Sections of the R1 dual carriageway – Nitra-Selenec, Selenec-Beladice, Beladice-Tekovské Nemce and the northern bypass around Banská Bystrica – make up the second package, while the third package comprises the D1 motorway sections Hričovské Podhradie-Lietavská Lúčka, Lietavská Lúčka-Višňové, Višňové-Dubná Skala, and the motorway feeder Lietavská Lúčka-Žilina.
However, the government needs to provide financial guarantees for all the packages. The economic downturn has complicated the process of obtaining funds for all three PPP packages.
“All the investment projects, be they in the private or public sphere, are influenced by the negative developments on the financial markets,” Chmelová said. “This influence is obvious mainly in the case of large projects, which require long-term investments, since the banks are unable in the current times to provide to the amounts needed and are requiring additional guarantees.”
The state has, however, decided to guarantee the loans, which Chmelová said the crisis has made a practice in other countries as well.
“Due to the crisis, state guarantees for PPP projects have become a normal phenomenon – even countries experienced in PPP such as Great Britain or France have not avoided providing such guarantees,” Chmelová said. “However the state guarantee for part of the loan does not mean that the private partner is freed of the duty to secure financing.”
According to Chmelová, in the case of the first PPP package the private investor is expected to secure 70 percent of the funds; the rest will be provided by the EIB.
Eurostat accounting rules suggest that the risk is not shifted back to the public sector if the guarantee or similar instrument does not exceed the prevailing part of the debt service, which means that providing guarantees for a smaller part does not strip the project of its chance to qualify as a full-value PPP project, she added.
“Moreover, in the case of the EIB, such financing makes access to cheaper loans possible, which in the case of such a financially demanding project as the first PPP package is an important aspect,” Chmelová said.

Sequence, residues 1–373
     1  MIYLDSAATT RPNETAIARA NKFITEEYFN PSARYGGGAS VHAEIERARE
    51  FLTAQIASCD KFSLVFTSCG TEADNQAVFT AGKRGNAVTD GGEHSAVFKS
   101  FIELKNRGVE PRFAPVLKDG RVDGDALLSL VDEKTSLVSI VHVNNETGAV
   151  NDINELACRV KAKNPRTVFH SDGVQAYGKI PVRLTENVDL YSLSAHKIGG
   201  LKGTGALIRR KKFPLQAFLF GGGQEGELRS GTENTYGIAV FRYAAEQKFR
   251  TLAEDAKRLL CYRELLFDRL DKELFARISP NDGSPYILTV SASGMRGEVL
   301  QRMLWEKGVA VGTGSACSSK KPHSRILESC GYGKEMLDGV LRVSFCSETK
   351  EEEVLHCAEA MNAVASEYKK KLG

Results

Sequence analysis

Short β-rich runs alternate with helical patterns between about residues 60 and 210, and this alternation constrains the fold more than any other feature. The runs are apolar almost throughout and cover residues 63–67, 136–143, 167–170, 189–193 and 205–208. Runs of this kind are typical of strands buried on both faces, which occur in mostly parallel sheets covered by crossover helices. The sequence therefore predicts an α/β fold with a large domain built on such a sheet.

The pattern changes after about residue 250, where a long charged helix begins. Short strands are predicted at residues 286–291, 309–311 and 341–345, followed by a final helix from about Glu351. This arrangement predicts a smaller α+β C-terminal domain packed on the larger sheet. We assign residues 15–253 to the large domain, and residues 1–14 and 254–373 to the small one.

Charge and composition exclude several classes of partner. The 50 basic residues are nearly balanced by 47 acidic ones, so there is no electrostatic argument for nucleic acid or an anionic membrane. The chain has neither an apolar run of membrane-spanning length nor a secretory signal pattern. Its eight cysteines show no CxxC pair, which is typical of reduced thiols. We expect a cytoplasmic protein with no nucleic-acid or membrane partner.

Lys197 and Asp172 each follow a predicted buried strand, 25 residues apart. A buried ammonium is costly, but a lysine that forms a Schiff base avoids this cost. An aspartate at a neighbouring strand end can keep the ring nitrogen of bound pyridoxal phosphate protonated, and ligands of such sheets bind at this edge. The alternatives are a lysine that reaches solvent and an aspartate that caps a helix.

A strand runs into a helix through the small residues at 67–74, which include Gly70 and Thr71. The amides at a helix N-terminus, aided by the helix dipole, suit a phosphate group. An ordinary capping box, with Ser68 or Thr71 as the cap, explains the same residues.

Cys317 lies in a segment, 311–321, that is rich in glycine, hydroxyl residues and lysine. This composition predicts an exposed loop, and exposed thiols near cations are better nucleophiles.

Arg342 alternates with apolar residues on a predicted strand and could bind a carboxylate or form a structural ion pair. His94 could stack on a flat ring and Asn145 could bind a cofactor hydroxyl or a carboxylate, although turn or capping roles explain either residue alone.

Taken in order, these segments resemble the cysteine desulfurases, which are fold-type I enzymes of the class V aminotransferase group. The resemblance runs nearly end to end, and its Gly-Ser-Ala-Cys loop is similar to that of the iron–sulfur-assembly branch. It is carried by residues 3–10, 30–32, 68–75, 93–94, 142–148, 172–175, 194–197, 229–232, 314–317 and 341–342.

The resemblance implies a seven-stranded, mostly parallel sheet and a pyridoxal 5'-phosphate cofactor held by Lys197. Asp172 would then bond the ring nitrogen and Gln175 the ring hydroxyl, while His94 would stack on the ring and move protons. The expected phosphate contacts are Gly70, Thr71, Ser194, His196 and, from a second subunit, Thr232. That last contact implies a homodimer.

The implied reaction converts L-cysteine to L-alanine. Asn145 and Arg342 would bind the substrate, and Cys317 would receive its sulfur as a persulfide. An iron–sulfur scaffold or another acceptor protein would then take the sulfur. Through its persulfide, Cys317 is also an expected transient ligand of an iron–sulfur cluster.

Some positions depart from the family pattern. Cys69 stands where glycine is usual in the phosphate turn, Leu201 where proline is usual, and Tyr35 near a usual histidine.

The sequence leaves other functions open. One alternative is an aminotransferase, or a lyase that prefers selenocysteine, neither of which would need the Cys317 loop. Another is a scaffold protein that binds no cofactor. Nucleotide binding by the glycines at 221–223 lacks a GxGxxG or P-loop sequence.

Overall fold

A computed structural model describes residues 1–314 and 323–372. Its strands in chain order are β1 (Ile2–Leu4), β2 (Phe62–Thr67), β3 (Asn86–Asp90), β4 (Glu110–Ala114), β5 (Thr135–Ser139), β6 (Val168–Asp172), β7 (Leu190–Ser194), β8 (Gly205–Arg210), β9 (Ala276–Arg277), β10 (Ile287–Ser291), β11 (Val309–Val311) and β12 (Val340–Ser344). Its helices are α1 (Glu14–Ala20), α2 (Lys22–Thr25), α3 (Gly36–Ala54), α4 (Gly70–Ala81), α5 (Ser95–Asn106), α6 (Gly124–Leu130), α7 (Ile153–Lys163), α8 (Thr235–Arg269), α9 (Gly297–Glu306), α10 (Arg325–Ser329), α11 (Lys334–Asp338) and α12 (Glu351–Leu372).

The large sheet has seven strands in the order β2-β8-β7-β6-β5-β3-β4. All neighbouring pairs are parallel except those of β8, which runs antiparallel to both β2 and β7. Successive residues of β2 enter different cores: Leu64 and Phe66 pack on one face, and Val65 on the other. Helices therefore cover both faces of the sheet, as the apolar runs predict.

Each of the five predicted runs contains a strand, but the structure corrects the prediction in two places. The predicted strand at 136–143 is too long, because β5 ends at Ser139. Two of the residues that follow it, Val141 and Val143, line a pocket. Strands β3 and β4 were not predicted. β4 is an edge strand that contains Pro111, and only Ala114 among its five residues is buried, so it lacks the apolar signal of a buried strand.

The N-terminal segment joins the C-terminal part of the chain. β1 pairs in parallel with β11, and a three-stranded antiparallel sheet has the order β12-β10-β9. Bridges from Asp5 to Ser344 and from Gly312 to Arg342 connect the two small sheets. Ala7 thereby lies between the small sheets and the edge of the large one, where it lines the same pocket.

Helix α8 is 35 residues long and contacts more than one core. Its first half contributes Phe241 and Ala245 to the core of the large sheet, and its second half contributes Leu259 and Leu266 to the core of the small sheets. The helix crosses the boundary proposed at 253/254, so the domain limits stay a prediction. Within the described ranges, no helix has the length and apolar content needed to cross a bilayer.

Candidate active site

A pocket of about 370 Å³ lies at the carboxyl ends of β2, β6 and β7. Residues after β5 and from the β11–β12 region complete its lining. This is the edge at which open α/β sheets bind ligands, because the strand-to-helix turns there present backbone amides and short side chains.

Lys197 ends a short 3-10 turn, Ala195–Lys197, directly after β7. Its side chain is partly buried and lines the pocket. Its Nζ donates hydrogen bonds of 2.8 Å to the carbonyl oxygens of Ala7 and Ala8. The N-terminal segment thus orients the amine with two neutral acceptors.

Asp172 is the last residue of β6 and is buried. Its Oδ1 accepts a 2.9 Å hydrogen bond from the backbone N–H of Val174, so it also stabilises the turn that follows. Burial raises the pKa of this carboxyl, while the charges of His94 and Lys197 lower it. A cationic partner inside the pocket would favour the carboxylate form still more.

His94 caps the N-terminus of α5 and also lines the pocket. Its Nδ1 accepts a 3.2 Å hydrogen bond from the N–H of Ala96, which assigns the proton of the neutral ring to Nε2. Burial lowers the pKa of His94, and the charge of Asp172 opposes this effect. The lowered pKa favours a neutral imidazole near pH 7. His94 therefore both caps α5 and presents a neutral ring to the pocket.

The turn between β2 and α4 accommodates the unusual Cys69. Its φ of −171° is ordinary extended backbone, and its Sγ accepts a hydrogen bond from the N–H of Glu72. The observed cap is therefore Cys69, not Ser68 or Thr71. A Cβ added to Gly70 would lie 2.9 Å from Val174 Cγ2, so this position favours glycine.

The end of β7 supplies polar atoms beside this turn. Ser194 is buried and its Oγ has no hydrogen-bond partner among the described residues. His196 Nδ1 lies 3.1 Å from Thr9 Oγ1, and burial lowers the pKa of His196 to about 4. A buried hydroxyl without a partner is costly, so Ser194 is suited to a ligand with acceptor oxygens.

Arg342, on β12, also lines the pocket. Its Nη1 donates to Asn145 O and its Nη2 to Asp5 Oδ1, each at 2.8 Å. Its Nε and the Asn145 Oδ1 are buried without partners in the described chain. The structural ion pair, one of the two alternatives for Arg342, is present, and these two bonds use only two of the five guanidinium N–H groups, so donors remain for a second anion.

Meanwhile, Finance Ministry State Secretary Peter Kažimír said on October 21 that the three PPP highway construction projects will cost taxpayers €700 million a year over 30 years, starting in 2014.
“We deem it to be an investment in the future,” Kažimír said, as quoted by TASR. “It’s construction of infrastructure: it’s a necessity.”
As early as May the cabinet announced finance-related delays to the first package of PPP projects and approved an appendix on financing to the agreement, which is with a consortium led by the French company Bouygues Travaux Publics, to design, build, finance, and operate D1 stretches totalling 75 kilometres.
The ministry had signed the concession contract with representatives of the consortium on April 15.
The consortium, which as well as being led by Bouygues Travaux Public SA also includes the Slovak companies Doprastav and Váhostav-SK, set up a new company, Slovenské Diaľnice, to complete the project. The consortium’s bid for construction and operation of the D1 sections amounted to €3.3 billion.
Why PPP? What about the crisis?
According to Chmelová, an advantage of PPP projects is that they make infrastructure investments possible even during a crisis since payments are spread over several years.
The crisis has complicated most investment plans, including PPP projects, and has done so all around the world.
In PPP projects the private investor is responsible for obtaining the required funds and this is where the greatest impact of the crisis was felt: not only have loans become more expensive, but banks have become much less willing to provide large, long-term loans, said Chmelová.
For example, in the case of the second PPP package, for which financial close was concluded in late August, the early assumption was that a couple of banks would be enough to supply the funds, but in the end there were 14.
“At the same time the period of procurement was stretched due to problems that the crisis has brought,” Chmelová told The Slovak Spectator.
The second package has made the most progress so far. Minister Vážny signed a concession contract with Fadi Selwan, president of Vinci, one of the companies making up the consortium which won the tender – to construct 51.6 kilometres of the R1 dual-carriage way between Nitra and Banská Bystrica – on March 23. The consortium won the tender with a bid of €1.5 billion.
Although the first PPP project covering five sections of the D1 highway has not reached financial close, Chmelová said the risks of the project are pretty much the same as for the second PPP package, for which the concessionary contract was signed first and financial close was achieved later.
“Such proceedings are usual in the world today,” Chmelová said. “We do not see anything strange about this proceeding being applied also in case of the first PPP package. Of course, until the package is financially closed, there is a risk that the project will not attract sufficient resources.”
26. Oct 2009 at 0:00 | Beata Balogová